Posts tagged "Pacheco"

Commonwealth v. Pacheco (Lawyers Weekly No. 10-091-17)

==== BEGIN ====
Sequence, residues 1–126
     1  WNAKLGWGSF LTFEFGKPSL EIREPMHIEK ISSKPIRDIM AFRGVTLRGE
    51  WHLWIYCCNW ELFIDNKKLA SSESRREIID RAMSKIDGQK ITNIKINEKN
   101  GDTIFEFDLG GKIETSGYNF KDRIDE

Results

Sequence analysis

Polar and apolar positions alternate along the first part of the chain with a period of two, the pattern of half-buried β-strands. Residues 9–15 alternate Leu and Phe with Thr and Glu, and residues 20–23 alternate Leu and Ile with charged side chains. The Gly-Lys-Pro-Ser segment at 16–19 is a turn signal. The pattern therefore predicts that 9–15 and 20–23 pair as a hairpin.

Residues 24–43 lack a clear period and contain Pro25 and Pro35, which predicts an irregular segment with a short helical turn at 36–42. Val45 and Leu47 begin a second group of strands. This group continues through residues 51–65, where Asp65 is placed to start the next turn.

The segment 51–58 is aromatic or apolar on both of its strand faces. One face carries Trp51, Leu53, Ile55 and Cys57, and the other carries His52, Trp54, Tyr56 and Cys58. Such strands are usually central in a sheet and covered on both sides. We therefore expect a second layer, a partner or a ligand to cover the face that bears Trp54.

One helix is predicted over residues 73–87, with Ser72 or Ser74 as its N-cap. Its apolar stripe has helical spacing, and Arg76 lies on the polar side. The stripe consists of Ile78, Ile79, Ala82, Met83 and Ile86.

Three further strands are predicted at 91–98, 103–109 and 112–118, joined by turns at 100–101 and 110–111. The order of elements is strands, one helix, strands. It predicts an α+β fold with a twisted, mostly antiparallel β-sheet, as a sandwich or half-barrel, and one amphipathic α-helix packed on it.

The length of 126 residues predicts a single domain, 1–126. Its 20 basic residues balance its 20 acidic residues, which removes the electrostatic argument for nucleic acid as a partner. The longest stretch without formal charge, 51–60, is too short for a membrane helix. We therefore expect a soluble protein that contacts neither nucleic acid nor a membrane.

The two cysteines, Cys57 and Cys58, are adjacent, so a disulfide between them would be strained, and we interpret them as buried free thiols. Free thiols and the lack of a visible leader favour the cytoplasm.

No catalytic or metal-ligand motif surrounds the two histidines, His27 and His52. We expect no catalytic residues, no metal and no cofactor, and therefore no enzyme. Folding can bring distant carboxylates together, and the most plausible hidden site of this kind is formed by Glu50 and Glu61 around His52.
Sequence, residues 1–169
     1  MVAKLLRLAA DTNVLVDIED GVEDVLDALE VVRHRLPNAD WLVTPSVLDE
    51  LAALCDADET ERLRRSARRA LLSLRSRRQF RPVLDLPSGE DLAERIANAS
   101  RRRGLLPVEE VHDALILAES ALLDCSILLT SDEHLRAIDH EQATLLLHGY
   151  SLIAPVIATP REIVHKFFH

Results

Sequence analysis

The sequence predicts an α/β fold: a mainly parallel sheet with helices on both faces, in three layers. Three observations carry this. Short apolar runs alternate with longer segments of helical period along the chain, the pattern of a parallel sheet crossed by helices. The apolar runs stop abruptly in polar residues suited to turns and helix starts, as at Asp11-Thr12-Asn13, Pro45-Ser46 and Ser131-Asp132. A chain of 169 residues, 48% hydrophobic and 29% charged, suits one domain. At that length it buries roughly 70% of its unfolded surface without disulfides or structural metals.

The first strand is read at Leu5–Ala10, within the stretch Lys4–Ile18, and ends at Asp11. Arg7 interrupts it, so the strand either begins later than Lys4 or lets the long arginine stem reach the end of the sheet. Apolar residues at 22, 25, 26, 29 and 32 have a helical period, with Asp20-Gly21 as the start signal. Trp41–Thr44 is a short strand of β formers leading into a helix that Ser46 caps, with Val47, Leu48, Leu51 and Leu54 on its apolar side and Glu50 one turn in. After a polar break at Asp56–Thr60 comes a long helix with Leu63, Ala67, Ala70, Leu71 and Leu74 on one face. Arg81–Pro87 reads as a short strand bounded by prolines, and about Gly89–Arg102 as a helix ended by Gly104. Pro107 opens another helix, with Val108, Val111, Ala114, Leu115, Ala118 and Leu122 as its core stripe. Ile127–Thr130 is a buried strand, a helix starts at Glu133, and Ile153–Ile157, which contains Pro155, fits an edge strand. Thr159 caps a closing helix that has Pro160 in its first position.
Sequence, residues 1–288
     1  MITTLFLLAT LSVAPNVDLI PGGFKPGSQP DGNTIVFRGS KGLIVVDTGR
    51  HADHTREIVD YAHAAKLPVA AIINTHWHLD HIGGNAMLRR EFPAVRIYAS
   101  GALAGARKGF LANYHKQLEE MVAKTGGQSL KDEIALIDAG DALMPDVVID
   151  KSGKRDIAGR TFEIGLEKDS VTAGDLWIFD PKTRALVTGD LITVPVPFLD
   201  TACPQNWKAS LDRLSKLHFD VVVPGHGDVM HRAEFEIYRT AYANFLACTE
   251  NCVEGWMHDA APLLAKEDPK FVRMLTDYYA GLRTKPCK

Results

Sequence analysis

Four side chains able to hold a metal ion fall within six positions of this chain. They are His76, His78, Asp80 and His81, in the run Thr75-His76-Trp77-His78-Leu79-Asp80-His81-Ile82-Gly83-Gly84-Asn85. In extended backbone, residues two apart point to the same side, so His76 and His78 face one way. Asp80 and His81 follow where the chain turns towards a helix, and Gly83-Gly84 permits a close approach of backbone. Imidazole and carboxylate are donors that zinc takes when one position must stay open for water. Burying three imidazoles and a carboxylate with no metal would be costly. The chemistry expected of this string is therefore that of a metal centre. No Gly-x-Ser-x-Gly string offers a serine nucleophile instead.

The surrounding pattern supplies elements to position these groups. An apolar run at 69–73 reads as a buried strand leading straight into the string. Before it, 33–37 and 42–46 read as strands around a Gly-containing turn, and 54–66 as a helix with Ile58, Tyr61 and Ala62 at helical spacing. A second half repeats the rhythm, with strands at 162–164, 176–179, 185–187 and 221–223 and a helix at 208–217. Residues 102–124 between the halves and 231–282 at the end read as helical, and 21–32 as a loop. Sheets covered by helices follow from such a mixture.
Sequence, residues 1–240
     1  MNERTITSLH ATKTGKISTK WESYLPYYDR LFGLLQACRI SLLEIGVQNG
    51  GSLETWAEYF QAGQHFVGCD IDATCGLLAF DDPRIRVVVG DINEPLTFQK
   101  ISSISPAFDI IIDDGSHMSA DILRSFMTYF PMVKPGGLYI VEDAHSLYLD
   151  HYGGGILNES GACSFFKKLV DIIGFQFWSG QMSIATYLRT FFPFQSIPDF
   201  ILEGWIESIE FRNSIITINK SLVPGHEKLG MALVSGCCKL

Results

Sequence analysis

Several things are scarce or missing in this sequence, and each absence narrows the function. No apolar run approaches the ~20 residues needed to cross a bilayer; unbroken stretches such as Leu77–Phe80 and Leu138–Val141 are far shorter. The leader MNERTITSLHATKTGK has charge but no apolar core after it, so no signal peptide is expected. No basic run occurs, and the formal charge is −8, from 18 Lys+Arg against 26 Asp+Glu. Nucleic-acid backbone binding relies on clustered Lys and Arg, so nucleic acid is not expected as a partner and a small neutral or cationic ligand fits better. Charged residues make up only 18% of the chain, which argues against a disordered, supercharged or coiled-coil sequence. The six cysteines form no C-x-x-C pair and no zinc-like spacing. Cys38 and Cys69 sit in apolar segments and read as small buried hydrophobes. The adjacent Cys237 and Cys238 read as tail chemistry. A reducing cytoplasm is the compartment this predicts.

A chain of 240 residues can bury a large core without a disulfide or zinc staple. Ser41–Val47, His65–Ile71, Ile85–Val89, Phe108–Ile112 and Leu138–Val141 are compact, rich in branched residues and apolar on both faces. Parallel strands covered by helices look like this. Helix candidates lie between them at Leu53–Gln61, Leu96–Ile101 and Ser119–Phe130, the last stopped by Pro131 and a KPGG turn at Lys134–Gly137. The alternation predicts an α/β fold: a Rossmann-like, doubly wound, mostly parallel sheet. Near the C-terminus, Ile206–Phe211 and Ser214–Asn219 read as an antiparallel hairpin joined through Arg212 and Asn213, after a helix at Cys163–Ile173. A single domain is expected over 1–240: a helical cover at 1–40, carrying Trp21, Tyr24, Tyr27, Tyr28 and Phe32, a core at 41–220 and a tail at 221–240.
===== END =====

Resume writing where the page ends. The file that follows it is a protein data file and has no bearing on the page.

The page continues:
NOTICE:  All slip opinions and orders are subject to formal revision and are superseded by the advance sheets and bound volumes of the Official Reports.  If you find a typographical error or other formal error, please notify the Reporter of Decisions, Supreme Judicial Court, John Adams Courthouse, 1 Pemberton Square, Suite 2500, Boston, MA, 02108-1750; (617) 557-1030; SJCReporter@sjc.state.ma.us   SJC-12212   COMMONWEALTH  vs.  ANDRES PACHECO.       Middlesex.     February 14, 2017. – May 30, 2017.   Present:  Gants, C.J., Lenk, Hines, Gaziano, Lowy, & Budd, JJ.     Constitutional Law, Sentence, Assistance of counsel, Double jeopardy.  Due Process of Law, Sentence, Assistance of counsel, Notice.  Practice, Criminal, Sentence, Assistance of counsel, Double jeopardy, Probation.       Indictments found and returned in the Superior Court Department on September 30, 2004.   A motion to vacate sentence, filed on June, 18, 2008, was heard by Leila R. Kern, J., and a motion to correct and clarify sentence, filed on November 30, 2014, was heard by Kathe M. Tuttman, J.   The Supreme Judicial Court granted an application for direct appellate review.     Rebecca Kiley for the defendant. Michael Klunder, Assistant District Attorney, for the Commonwealth.     GAZIANO, J.  At issue in this case is whether a consecutive sentence of eight years of probation, imposed in 2015 by a judge who was not the plea judge, violated the protections against double jeopardy, where the defendant originally had been sentenced in May, 2005, to an eight-year term of probation, concurrent with his ten-year prison sentence.  In June, 2008, after he had served approximately three and one-half years of incarceration, the defendant filed, pro se, a motion to vacate the imposition of community parole supervision for life (CPSL), in light of this court’s decision in Commonwealth v. Pagan, 445 Mass. 161, 162 (2005). At a hearing on that motion in July, 2008, where the defendant was not represented by counsel, and had not waived his right to representation, the plea judge allowed the motion to vacate, and then, at the Commonwealth’s request, imposed several additional conditions on the defendant’s terms of probation, while ordering that “[t]he original sentence on [May 26, 2005,] stands except the lifetime community parole was vacated.”  In November, 2015, approximately two months before the defendant’s then-scheduled release date, the Commonwealth filed a “Motion to Correct and Clarify the Sentence.”  The Commonwealth argued that, at the 2008 hearing when the plea judge vacated the imposition of CPSL, she had resentenced the defendant to a consecutive term of probation of eight years, from and after his ten-year sentence of incarceration.  At a hearing in December, 2015, after the original sentences in this case had terminated, a different Superior Court judge sentenced the […]